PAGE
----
DIY chocolate-making kit

For those who know their way around the kitchen, an at-home option might be more enticing. Even if your kitchen is not fully equipped, there are many different types of DIY chocolate-making kits targeted at a range of different levels online that, with just a few clicks, can be delivered to your doorstep in a couple of days.

The Korea JoongAng Daily picked out a “Sweet Box DIY Chocolate Making kit” that makes about six small chocolate bars of milk chocolate and white chocolate for 24,000 won. The package was delivered within two days.

The many materials and ingredients inside the box may be overwhelming, especially if you are a newbie to such DIY kits, but you’ll soon find out that the chocolate-making process itself isn’t as difficult as the recipe makes it look.

Basically, what this relatively easy DIY kit requires you to do is to melt the chocolate chips that come in the package on top of a double boiler and then pour it into a mold that is also included in the kit. You can then decorate your creations with ingredients like Oreo biscuits, nuts, strawberry powder, dried fruits and rainbow sprinkles.

The most difficult part of this relatively easy-looking process is the very important step of making sure that not a single drop of water gets added into the chocolate chips when melting it on top of a double boiler. This accident can easily happen as you have to create your own double boiler by layering a bowl on top of a larger bowl filled with boiling water. This process has to be repeated when the water cools down or when you want to change the type of chocolate from white to milk, for example. After washing the bowls and the spatula to melt a different type of chocolate, remember to dry it properly.

Another step to take care with is pouring the melted chocolate into the mold. You should only fill two-thirds of the mold and tap it lightly to spread the chocolate out evenly instead of filling the whole mold as once the ingredients are added in, the chocolate will overflow if the mold is too full. Such details are not specified in the recipe.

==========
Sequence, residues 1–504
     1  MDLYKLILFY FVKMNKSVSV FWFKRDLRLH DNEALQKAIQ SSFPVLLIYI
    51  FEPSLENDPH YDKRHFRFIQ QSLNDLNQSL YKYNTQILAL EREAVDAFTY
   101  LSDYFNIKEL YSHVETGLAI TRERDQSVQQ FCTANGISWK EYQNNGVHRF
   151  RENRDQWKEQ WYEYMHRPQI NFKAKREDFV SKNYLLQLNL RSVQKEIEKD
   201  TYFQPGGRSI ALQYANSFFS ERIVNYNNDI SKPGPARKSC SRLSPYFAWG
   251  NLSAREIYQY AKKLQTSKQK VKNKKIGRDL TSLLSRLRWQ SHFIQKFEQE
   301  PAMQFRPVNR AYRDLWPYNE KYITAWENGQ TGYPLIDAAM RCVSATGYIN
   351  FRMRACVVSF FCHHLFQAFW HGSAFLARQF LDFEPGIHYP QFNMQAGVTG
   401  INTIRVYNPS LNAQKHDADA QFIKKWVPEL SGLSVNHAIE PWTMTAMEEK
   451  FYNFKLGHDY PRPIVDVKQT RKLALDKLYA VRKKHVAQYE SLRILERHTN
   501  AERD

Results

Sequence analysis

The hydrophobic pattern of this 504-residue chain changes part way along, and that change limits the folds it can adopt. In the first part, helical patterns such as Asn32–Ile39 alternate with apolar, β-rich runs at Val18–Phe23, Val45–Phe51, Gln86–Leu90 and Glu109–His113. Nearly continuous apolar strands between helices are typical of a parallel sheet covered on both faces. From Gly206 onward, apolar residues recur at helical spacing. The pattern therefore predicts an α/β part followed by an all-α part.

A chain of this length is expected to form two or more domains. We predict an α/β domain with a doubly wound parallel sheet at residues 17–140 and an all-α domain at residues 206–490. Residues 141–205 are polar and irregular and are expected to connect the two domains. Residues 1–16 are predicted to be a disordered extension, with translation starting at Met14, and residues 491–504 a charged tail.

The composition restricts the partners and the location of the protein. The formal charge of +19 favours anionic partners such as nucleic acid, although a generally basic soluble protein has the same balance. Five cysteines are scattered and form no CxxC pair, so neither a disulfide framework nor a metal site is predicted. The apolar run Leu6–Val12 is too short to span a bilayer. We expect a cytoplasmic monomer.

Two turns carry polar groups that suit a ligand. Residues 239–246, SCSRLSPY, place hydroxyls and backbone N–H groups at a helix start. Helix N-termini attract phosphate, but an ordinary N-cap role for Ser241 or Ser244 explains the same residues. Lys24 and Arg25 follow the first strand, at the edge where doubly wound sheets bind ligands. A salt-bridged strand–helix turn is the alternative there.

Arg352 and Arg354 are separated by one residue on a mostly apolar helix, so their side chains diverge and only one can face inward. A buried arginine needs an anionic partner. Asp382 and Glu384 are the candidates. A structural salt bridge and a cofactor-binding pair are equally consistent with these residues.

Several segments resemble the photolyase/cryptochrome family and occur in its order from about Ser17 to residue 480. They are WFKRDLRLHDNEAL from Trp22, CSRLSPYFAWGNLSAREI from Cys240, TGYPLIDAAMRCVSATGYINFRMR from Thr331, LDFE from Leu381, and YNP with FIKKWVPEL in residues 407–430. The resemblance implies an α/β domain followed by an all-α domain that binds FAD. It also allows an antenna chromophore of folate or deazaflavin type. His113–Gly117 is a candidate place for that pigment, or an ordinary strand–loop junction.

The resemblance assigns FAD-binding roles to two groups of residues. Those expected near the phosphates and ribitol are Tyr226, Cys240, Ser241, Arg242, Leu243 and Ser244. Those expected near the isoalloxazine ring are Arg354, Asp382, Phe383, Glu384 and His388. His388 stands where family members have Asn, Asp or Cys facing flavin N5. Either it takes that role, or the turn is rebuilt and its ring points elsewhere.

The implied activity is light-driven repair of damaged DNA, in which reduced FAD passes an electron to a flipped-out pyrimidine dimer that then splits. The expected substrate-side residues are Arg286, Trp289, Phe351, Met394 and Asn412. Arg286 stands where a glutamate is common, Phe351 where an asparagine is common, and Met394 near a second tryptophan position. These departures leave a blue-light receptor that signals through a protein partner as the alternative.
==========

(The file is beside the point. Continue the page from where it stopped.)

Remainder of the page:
The solidifying process of the chocolate only takes about 20 minutes as you place your creations in the freezer. You can use the time it takes for the chocolate to harden to assemble the gift boxes that come with the kit.

Each chocolate bar gets packaged individually in small boxes and then all six go together into a bigger box. The templates for the boxes are already cut out so it doesn’t take that long to assemble them, though you may be losing concentration dreaming about your cooling sweet treats.

The whole process takes about one and a half hours. But if you include the time to clean up your kitchen that looks like the aftermath of a natural disaster, the whole process of making your own chocolate at home using a DIY kit takes well over two hours.

But hopefully the time and effort will be appreciated, and your chocolate creations will be enjoyed by whoever is lucky enough to receive them!